2020 Vision: A Review Of My Favourite Images
Bye-bye 2020, welcome 2021! I wish everyone the very best for the year ahead and hope that life can soon return to normal (whatever that means). I also hope some things don't return to normal - I know working from home has had its challenges but I've thoroughly enjoyed having more time with my lovely little family.
But before I jump into this new year and new hope, I thought I’d start by sharing my favourite landscape photographs from 2020, providing a little more background than I usually give. Despite the shackles, I did manage to get out and take a few images I’m actually quite happy with. I feel my photography has progressed despite everything (indeed partly because of the constraints) - I’m starting to see compositions better and have a better understanding of the kind of scenes I’m drawn to and would like to work on. I think it’s a useful personal exercise to choose a few favourites and draw out any lessons. I hope you’ll do the same and I look forward to seeing them. So, without further ado…
A Forest Sketch
An image from Ashridge, my local woods. As always I’m looking for something a little different and found this scene on one of my aimless wanderings around my local woods. This was meant to be just a scouting shot (the conditions were blah); to return to in better conditions but the result was pleasing when I combined an ICM image (moving the camera slowly upwards at a slow shutter speed) and a sharp shot. I blended the two together in Photoshop, reducing the opacity of the ICM image to about 30%. Very simple really but it was a surprising image that resulted and reminded to experiment when conditions aren’t seemingly perfect.
Tewet Dry Stone Wall
This was a lesson in mindfulness. I was on our (only) family trip away for the year to the Lakes and was given an escape pass for an evening of peace and quiet. I settled on Tewet Tarn as a nice sunset location and headed off, found a nice little spot on the mountain side and just sat there. For two hours. Sounds boring perhaps but I was quite content watching the light skip across the fells and fields and took this image of the dry stone wall. A little abstract. A little different. And for those reasons I like it. I think 2020 has taught me a lot about balance, in life but also in my landscape photography and it’s something I’ve noticed becoming more important in my images. I’m also a sucker for a dry-stone wall!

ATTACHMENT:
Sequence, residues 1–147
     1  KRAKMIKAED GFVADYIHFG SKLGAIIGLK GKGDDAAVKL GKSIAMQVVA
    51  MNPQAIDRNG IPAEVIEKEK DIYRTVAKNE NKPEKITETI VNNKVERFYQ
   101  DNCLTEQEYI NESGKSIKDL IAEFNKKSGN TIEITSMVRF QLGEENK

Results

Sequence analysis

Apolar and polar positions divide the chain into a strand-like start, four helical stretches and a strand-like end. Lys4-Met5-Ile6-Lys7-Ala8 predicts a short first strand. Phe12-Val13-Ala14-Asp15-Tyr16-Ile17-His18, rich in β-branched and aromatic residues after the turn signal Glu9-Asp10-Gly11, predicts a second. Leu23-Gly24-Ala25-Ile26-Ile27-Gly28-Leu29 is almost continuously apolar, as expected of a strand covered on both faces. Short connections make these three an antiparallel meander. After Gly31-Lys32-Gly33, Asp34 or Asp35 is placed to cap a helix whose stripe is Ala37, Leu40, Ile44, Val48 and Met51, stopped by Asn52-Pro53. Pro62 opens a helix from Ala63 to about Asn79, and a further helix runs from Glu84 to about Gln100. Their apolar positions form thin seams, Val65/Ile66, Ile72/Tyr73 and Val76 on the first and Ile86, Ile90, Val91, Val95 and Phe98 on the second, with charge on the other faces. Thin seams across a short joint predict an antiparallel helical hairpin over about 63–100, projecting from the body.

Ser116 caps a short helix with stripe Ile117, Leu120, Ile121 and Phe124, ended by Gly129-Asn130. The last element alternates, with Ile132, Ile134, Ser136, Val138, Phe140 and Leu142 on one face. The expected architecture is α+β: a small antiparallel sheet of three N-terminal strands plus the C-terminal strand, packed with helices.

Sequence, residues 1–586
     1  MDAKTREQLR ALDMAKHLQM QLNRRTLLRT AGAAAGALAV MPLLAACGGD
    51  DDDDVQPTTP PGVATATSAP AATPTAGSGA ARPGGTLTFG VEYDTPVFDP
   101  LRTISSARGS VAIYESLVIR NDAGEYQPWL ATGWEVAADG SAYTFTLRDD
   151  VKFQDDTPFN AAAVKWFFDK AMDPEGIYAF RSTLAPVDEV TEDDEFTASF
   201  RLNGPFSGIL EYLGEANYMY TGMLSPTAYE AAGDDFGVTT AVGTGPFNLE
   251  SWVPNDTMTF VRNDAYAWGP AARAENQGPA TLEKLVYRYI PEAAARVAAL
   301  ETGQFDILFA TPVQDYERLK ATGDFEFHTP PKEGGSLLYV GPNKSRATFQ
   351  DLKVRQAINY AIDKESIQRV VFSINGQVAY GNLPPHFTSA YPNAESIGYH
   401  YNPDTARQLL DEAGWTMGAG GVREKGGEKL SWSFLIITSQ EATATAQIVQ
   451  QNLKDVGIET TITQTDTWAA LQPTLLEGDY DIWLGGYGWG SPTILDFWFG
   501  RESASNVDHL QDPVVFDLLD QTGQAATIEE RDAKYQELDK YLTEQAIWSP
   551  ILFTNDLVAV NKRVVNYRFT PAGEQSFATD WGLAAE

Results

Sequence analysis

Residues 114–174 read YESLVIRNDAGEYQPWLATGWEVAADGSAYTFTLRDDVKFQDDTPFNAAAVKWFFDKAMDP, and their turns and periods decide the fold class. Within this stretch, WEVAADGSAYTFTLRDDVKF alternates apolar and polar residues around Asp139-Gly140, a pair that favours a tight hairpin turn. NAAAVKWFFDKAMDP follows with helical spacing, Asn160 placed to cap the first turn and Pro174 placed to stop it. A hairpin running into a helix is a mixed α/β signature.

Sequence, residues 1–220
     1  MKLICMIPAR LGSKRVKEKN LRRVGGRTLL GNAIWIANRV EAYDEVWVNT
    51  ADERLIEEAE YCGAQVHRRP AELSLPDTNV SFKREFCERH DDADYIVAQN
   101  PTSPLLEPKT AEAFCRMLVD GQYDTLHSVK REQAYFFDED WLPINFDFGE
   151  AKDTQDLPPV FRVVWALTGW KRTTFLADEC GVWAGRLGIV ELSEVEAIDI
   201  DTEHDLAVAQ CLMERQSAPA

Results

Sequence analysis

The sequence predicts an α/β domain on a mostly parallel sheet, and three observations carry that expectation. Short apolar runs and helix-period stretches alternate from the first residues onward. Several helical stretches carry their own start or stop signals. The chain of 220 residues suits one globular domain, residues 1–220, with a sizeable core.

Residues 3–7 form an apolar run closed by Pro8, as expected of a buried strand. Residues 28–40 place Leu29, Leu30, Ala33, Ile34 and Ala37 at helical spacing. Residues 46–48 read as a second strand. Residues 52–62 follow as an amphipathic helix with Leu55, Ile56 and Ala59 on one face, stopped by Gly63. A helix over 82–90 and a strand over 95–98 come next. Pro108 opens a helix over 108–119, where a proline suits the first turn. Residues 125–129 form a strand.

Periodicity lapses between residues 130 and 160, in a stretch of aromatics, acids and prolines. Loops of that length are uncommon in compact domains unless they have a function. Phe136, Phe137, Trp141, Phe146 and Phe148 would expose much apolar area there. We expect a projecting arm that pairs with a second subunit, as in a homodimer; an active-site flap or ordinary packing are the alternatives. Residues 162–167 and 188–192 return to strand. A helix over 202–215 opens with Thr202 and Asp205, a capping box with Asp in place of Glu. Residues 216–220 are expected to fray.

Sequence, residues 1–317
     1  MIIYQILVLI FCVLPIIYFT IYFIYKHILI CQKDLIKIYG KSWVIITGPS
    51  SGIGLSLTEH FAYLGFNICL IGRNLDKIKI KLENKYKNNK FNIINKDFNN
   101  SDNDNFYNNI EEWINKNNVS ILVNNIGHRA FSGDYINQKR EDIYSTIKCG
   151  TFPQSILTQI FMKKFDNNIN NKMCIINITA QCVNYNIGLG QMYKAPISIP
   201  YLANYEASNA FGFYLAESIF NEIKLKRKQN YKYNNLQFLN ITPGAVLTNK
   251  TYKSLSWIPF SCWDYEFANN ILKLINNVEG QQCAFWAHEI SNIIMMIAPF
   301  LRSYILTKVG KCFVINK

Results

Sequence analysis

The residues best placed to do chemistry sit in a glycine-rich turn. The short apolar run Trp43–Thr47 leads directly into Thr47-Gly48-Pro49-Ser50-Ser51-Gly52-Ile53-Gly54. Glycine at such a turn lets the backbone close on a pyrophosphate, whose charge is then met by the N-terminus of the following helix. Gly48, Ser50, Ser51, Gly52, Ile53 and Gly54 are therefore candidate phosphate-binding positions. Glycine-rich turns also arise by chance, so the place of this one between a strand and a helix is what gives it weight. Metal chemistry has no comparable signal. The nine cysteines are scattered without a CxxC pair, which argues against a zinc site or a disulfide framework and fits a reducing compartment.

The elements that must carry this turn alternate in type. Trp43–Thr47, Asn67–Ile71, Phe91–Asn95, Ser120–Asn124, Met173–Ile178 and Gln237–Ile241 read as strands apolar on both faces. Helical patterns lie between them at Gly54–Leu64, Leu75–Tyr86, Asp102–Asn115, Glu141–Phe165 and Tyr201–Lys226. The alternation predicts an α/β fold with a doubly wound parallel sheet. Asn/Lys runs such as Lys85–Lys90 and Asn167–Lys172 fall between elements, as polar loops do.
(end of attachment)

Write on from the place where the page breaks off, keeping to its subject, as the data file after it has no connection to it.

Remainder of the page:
Peak District Tales
Not one of my usual intimate little scenes I hear you gasp but this image reminds me of a very pleasant time spent in the Peak District with one of my photo buddies, Kev. We’d started the day in torrential rain, hiking up a hill in the dark. The day ended on the other side of the hill, sat watching the light fade. Every now and again the sun would find a slot through the clouds and illuminate the landscape.
On that same trip I took this image while waiting for the rain to ease (and Kev to stop faffing about). Mind in neutral I saw these branches overhanging a river and thought that I liked the vibrants greens. But I had to wait for Kev because he’d borrowed my polariser filter (needed to reduce the glare from the river). I composed the scene to create the flow and balance I was looking for in the meantime. When Kev finally returned (he’s the master of taking time on shots) I requested my filter back. I then watched him juggle it, catch it, juggle it again, then drop it in the mud. Clown. Anyway, I digress. The picture is 5 images focus stacked together and I like the way it flows around the space. I think it marks a bit of a “moment” for me in terms of balance and flow in my images.
Huorn - The Guardian of Ashridge Forest
To be totally honest I’d nearly given up on my local woods. “Too chaotic” being my usual excuse. I found myself slightly reluctant to go out fearing failure. But I pulled myself together and tried to listen to some of my own advice about enjoying nature. I’d been out with the boys climbing trees and found this wonderful character not far from home so returned that evening. I spent a good hour just wandering around looking for the best compositions and was rewarded with some really lovely evening light. I’m reading Lord of the Rings with my son at the moment so this fitted very nicely with that Middle Earth feel. I call it “Huorn”, after the tales of ancient trees in the deepest forests, gnarled and unmoving, yet ever watchful. Yes, I’m a geek.
Now I know this isn’t for everyone! And perhaps in a year when looking back I’ll question my sanity but I like it. It’s a truly wonderful little hidden spot in the woods and while chaotic, I think I was able to find and compose a scene that worked. I enjoy shots that make the view have to think a little. It looks really fabulous printed up large too. If nothing else it’s a nice record of a place in the woods that’s special to me.
And finally an image from my short trip to Somerset. Weather-wise it wasn't great but I really enjoyed the time exploring new places in wonderful company (thanks Jules!). This is an inverted B&W image, I thought the birds in white looked more hopeful.
I have plenty more but this could go on for ages. I've added a few more below as a special treat.
My 2020 lessons learned:
Shoot local (even when you don’t need to). It sometimes just takes time for scenes to begin to present themselves.
Chaotic scenes can be ordered with time and imagination (and conditions).
Slow. It. Down.
My landscape photography goals for the year ahead? To have no goals. I simply go out when I can. Shoot what I can. Try to be different. Edit when I have time and then release my images into the world like delicate butterflies. Be gentle with them :-)
All the very best,